It’s been a wonderful and intense three Temple B’nai Abraham days. First, Tot Shabbat on Friday night with well over 100 parents and Early School children. Lively – to say the least – fun, and it is always lovely to see the parents all want a moment with Early School director Debbie Ziering; ask a question, seek some advice, whatever. As it has been since its birth so many years ago, the Early School itself remains a strong community as well as an integral part of the Temple.
A little later, our Hey class – formerly Gimel! – led “regular” Friday night worship as a service of remembrance for the Holocaust. Each fifth grader read a brief biography of a Shoah victim, reminding us that while we may often think of “the six million,” they were six million individuals. The children led us enthusiastically in prayer, taught us well, and provided a memorable worship experience not just for adoring parents and grandparents, but for the whole congregation. The service was a reminder how lucky we are to have the creative and energetic Melissa Weiner leading our education efforts.
Saturday morning, Jack Berk became a Bar Mitzvah, a service made especially meaningful by his reading from the Torah on the same Bimah where his mother Lisa (then Hertz) and uncle Jeff also became B’nei Mitzvah. That happens often here, and the multi-generational nature of our congregation never ceases to astound me.
Saturday night, something I’d been awaiting for months: the Israel Philharmonic Orchestra at NJPAC! Thanks to Jeri Karpen and Gail Numark for arranging a wonderful evening. About 60 of us gathered at the Robert Treat Hotel for dinner, seeing old friends, making new ones, and having a fun, relaxing time. John Schreiber, President of NJPAC, stopped by, dined with us, and spoke for a few minutes about the mission of NJPAC as not merely a performance venue, but as an engine for arts education throughout the area, especially in needier communities like Newark.
John praised Temple B’nai Abraham for doing its part in that mission; that evening, 50 orchestra musicians, students from Newark’s Arts High School, attended the concert, with tickets we provided. They had a special pre-concert session with an IPO musician and an email I received this morning from the Arts High principal assures me “a truly great evening” was had by all. The combination of providing this musical experience to the kids, and teaching them at least a little bit about Israel, made this an especially meaningful act.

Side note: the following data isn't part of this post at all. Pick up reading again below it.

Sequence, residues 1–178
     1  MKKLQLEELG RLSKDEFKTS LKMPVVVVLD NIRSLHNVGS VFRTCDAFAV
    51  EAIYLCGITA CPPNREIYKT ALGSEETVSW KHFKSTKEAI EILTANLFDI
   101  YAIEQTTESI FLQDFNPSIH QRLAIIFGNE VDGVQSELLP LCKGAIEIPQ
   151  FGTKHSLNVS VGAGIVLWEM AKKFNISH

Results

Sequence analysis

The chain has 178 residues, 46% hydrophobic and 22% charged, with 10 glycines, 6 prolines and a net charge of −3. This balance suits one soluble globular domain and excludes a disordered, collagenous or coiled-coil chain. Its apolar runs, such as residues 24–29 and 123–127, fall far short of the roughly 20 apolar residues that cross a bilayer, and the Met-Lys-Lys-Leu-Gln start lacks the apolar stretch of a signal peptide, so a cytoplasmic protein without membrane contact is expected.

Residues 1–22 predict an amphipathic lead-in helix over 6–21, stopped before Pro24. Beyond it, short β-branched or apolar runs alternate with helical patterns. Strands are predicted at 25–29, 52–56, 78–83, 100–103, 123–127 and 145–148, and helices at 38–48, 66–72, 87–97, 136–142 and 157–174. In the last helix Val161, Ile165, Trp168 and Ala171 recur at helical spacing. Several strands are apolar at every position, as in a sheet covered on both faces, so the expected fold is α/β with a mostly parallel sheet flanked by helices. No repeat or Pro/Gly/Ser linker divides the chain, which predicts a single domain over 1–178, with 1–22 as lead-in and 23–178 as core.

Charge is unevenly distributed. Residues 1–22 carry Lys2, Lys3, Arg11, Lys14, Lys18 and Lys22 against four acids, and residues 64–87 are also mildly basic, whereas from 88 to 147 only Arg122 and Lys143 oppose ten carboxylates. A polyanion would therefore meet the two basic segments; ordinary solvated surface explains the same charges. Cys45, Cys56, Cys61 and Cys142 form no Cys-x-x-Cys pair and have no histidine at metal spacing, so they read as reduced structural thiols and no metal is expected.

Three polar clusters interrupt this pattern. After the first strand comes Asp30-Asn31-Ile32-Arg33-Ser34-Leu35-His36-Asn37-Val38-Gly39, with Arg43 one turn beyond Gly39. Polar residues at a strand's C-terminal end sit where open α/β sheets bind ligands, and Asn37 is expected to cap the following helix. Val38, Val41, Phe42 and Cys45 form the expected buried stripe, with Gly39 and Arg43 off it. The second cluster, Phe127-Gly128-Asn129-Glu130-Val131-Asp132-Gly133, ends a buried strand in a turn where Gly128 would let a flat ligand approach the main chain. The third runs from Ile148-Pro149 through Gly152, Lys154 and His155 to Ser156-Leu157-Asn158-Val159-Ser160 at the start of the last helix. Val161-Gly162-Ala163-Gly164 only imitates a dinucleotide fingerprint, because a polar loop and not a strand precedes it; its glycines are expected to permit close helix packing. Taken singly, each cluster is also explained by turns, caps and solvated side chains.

And the IPO itself! Truly one of the world’s great orchestras. First, it may be hokey, but standing up as the IPO plays Hatikva in…New Jersey. I think this is the fifth time I have had this experience and it was just as moving as the first.
I had not heard Conductor Noseda before but I understand why the IPO feels privileged to have him as its principal guest conductor. All French music…Faure, Ravel and Berlioz, not music I normally associate with the IPO but the performance was stunning. We are all familiar with the impact of the recent Russian immigration on Israel but we may not realize that that impact is perhaps most strongly felt on Israel music. A look at the roster of IPO musicians explains: lots of Vladimir, Dmitri, Olga and so on. I am jealous of Tel Aviv residents who have well over 100 chances each year to hear the IPO at its Mann Auditorium home.
It was a late night but I was up early Sunday to drive to Philadelphia to catch a plane to Indianapolis. (The price difference was enormous.) I had lunch with my nephew, a neurosurgery resident at the Indiana University medical school, then drove south to Bloomington and visited with an old friend from Brazil, now a professor o piano at IU. We had fun catching up and it was amusing to see how this kid who grew up on the beaches of Rio de Janeiro has fully and middle-agedly embraced small town Midwestern life!
Finally, dinner with a bunch of “our” TBA kids, all students at IU. Thanks to Jamie Spiro, Alexandra Schwartz, Casey Markman, Cooper Weisman and Sam Brody for agreeing to hang out with me for a while. (I think there is a picture of us on the TBA Facebook page.) On the other hand, while they were happy to see me, I think there were even happier to have dinner at Farm, an outstanding locavore Bloomington restaurant I urge you to visit…the next time you find yourself in central Indiana!
I got caught up on their world; studies, Greek life, friends, social activities, summer jobs. I was happy to see how Jewish life remains a key part of them at school, whether through hanging out at Hillel or Habad once in a while, taking a Jewish Studies course, going on Birthright, or simply with whom they live and hang out. Happily, IU is not just a great university, but one with a great student Jewish community, as these kids have found out.
Too late to head home last night, so now I’m sitting in an airport motel, about to head to IND for my flight to Philadelphia, and then home, and then to the busy week ahead. I hope your Shabbat and your weekend were good, if (hopefully) a bit less hectic than mine. For now, shavua tov, a good week to you and yours.